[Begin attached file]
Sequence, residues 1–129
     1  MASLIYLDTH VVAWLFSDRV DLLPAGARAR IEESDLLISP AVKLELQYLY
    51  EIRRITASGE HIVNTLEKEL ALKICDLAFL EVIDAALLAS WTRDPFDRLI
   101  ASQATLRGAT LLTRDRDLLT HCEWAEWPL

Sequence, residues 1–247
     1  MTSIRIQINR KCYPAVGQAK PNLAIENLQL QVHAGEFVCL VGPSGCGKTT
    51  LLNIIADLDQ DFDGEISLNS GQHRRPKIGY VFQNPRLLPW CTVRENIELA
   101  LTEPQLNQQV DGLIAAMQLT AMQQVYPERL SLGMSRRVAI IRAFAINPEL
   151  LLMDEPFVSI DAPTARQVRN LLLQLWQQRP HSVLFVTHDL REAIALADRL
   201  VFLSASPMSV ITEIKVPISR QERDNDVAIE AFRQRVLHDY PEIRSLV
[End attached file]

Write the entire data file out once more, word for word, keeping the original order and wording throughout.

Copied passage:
Sequence, residues 1–129
     1  MASLIYLDTH VVAWLFSDRV DLLPAGARAR IEESDLLISP AVKLELQYLY
    51  EIRRITASGE HIVNTLEKEL ALKICDLAFL EVIDAALLAS WTRDPFDRLI
   101  ASQATLRGAT LLTRDRDLLT HCEWAEWPL

Sequence, residues 1–247
     1  MTSIRIQINR KCYPAVGQAK PNLAIENLQL QVHAGEFVCL VGPSGCGKTT
    51  LLNIIADLDQ DFDGEISLNS GQHRRPKIGY VFQNPRLLPW CTVRENIELA
   101  LTEPQLNQQV DGLIAAMQLT AMQQVYPERL SLGMSRRVAI IRAFAINPEL
   151  LLMDEPFVSI DAPTARQVRN LLLQLWQQRP HSVLFVTHDL REAIALADRL
   201  VFLSASPMSV ITEIKVPISR QERDNDVAIE AFRQRVLHDY PEIRSLV